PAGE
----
Category:1927 racehorse births
Pages in category "1927 racehorse births"
The following 17 pages are in this category, out of 17 total. This list may not reflect recent changes (learn more).
The following 17 pages are in this category, out of 17 total. This list may not reflect recent changes (learn more).
1. Rogilla – Rogilla, was a chestnut Australian Thoroughbred gelding, who was a versatile racehorse performing in Australia. Known as the Coalfields Champion from Newcastle, Rogilla raced during an era of the Australian turf. He won in each of the six seasons that he raced as a three-year-old to an eight-year-old, Rogilla was an outstanding galloper in Sydney and Melbourne on wet or dry tracks recording 26 wins from 4½ furlongs to 2 miles with regular jockey Darby Munro winning 16 races. He was by Roger de Busli and his dam Speargila was by Brakespear, Roger de Busli won three races from 20 starts in England. He commenced stud duties in 1925, but sired only one winner of a principal race in Oro 1935 AJC Metropolitan Handicap. Rogillas dam Speargila was a good racemare that won 13 races in Sydney, New South Wales, plus 10 other provincial, Speargila was line-bred to Prince Charlie, as both Lochiel and Clan Stuart were sired by him. She was the dam of six foals, which all raced and were winners and his breeder, Hunter White of Havilah, New South Wales, was a well known Australian Jockey Club committeeman and granted three consecutive leases to Rogillas trainer. Rogilla began his career two months short of his fourth season. His racing colours were black, with red armbands and cap, Rogilla was lightly framed and 15.3 hands tall and despite various injuries and illnesses was best remembered for his tremendous courage against the best in the depression era. In 17 of the races he contested he won eight by a neck or less, lost four by a neck or less and he always pulled hard in races, which cost him any chance in the three Melbourne Cups he contested. His best season was at six years of age, when he won 11 from 17 starts, Rogilla when racing in Melbourne was stabled at Caulfield with great trainer Cecil T Godby who trained the Caulfield Cup winners Purser 1924, Gaine Carrington 1933 and Northwind 1936. Rogillas racing record,70 starts for 26 wins,12 seconds,11 thirds and 21 unplaced runs
2. Alcibiades (horse) – Alcibiades was an American Thoroughbred racemare that won the Kentucky Oaks and was later a good broodmare. Owned and bred by Hal Price Headley at his Beaumont Farm near Lexington, Kentucky, Alcibiades was named for the ancient Greek soldier and she was sired by Supremus out of Regal Roman. On her sires side, she goes back to the great stallion Domino, Alcibiades had seven starts with four wins at two-years. She won the Clipsetta Stakes and Debutante Stakes, ran second in the Kentucky Jockey Club Stakes, at the age of three years, she had 16 starts, for three wins. Alcibiades won the Grade I Kentucky Oaks, the Arlington Oaks and finished third in the Hawthorne Gold Cup, the Illinois and Latonia Oaks, and she tore a tendon badly in the Latonia Championship, and this was the end of her racing career. She was retrospectively named Co-Champion three-year-old filly of 1930, Alcibiades was retired from racing for a record of 23 starts with 7 wins,2 seconds and 4 thirds with earnings of $47,860. As a broodmare, Alcibiades produced eight foals, seven of which were runners including, Lithe, a sister to Menow, won the Arlington Matron Stakes, Menow was the Champion two-year-old colt of 1937 and himself was an influential sire. Salaminia, winner of 5 races, including the Alabama Stakes, third dam of Epsom Derby winner Sir Ivor Sparta, had 12 wins and 13 seconds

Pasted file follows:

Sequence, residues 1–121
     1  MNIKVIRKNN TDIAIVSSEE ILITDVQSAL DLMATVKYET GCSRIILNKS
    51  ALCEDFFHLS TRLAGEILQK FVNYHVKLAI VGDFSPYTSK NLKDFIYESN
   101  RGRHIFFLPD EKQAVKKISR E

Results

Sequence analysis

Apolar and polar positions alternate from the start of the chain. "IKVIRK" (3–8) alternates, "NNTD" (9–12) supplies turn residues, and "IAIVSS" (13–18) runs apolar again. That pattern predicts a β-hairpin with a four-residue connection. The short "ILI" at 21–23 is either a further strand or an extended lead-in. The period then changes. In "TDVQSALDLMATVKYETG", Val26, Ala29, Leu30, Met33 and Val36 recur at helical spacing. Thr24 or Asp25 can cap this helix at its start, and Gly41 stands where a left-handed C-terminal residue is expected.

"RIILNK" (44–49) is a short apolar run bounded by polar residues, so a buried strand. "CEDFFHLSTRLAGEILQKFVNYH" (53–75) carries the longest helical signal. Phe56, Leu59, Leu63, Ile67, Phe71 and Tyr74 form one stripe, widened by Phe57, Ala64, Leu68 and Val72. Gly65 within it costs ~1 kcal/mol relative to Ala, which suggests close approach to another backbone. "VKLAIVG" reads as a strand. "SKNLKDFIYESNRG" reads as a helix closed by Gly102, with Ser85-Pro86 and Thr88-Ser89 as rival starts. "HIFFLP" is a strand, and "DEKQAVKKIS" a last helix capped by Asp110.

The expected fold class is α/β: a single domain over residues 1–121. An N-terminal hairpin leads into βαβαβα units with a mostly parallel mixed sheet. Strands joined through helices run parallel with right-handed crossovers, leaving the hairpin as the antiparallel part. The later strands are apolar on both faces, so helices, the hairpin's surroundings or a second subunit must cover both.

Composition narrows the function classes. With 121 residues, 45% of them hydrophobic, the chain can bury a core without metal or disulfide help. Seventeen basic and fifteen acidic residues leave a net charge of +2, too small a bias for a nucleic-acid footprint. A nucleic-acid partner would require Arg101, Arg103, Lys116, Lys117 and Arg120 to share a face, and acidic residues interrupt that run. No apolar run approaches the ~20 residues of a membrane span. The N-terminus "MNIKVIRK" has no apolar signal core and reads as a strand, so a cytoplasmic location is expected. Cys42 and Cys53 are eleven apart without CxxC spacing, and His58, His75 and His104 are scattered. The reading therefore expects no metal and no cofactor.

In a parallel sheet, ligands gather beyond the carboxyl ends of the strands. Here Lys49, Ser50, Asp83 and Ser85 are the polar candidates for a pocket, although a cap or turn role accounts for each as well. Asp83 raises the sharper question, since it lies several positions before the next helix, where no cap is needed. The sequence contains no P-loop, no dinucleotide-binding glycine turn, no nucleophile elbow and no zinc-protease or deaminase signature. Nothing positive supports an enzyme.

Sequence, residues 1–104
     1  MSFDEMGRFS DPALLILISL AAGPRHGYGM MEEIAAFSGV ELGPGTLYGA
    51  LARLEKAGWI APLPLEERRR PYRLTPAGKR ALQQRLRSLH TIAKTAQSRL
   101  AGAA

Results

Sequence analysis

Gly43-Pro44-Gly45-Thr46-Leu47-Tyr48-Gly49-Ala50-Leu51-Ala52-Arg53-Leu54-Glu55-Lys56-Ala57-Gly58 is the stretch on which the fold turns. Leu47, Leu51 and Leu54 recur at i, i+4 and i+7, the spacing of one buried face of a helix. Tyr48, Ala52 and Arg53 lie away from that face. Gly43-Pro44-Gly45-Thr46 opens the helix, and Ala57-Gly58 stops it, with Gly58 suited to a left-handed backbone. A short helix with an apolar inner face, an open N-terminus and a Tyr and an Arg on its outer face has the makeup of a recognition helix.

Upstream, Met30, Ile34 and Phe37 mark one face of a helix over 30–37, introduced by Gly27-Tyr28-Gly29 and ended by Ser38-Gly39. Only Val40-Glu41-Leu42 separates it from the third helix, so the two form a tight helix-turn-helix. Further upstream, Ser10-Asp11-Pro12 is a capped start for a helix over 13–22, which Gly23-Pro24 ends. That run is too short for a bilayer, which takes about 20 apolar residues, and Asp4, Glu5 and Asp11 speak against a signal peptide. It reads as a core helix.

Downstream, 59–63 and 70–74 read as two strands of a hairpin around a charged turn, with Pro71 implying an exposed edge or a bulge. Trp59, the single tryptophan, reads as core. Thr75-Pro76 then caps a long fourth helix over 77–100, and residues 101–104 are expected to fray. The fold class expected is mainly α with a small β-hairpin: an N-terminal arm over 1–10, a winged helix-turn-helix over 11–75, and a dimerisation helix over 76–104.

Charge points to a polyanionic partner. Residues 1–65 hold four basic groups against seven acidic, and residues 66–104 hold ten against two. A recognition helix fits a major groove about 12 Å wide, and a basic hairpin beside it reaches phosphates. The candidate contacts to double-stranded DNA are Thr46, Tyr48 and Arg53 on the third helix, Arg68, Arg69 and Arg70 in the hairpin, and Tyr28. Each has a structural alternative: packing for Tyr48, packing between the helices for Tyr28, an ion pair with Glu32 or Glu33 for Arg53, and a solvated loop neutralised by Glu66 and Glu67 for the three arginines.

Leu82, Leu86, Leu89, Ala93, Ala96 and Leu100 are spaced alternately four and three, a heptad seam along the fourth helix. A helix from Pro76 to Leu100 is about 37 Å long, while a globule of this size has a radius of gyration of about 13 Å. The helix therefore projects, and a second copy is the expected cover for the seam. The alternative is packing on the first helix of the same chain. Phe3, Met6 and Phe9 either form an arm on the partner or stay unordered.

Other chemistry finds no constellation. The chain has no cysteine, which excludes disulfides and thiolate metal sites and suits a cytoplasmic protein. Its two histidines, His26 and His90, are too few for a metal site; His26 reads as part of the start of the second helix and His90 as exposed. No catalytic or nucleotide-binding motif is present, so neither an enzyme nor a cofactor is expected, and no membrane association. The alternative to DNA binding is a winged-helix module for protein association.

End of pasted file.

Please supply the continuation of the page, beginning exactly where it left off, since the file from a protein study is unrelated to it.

3. Battleship (horse) – Battleship was an American thoroughbred racehorse who is the only horse to have won both the American Grand National and the Grand National steeplechase races. Battleship was bred by owner Walter J. Salmon, Sr. at his Mereworth Farm in Lexington and he was a stocky chestnut by Man o War, and his dam, Quarantine, was by Sea Sick. He was a muscular but small horse who stood 15 hands 1 inch high, Battleship was initially trained for flat racing. Competing for his owner through age four, he won ten of his twenty-two starts, an injury kept him out of competition for a year, and at the end of 1931 Walter Salmon sold Battleship to Marion duPont Scott for $12,000. Scott was a horse racing enthusiast who had earlier purchased a Salmon-owned half brother to Battleship. Ms. duPont had Battleship trained for racing and entered his first competition in 1933. The horse showed promise, winning three of his four races that season, then, in 1934, he won the American Grand National, the most prestigious steeplechase race in the US. Gentleman jockey Carroll K. Bassett rode Battleship in most of his major U. S. victories, Bassett was also an accomplished artist and sculpted a small bronze bust of Battleship in 1934. In July 1936, Ms. duPont shipped Battleship to England, Battleship won several races in 1936 and 1937, including races at Sandown, Newbury and Leicester but some critics remained unimpressed saying he did not look like a stayer. The Sporting Life dwelt on his size, stating he is too small to appeal to me as a National horse. He will be the smallest winner on record, Hobbs himself convinced Scott that Battleship was not ready for the Grand National in March 1937. He was said to have not trained on and was withdrawn at the acceptance stage. He continued training and racing in England, winning five of his thirteen races and was entered into the 1938 Grand National and his competition in the 1938 race included Royal Mail, winner of the 1937 Grand National, Royal Danieli, and Workman. Battleship beat Royal Danieli to win the race in a photo finish and he was ridden by Bruce Hobbs, the seventeen-year-old son of trainer Reg Hobbs. He was a winner of the race in that he was entire. The last entire winner had been Grudon in 1901 and none has won since, in June 1938, Battleship returned to the U. S. aboard the Manhattan. Trainer Reg Hobbs and jockey Bruce Hobbs accompanied the horse on the transatlantic journey. Upon arriving in New York, Battleship was met at the dock by a crowd including New York mayor Fiorello LaGuardia and actor Randolph Scott, following his 1938 Grand National victory, Battleship retired to stand at stud at duPonts Montpelier estate, Battleship sired only 58 foals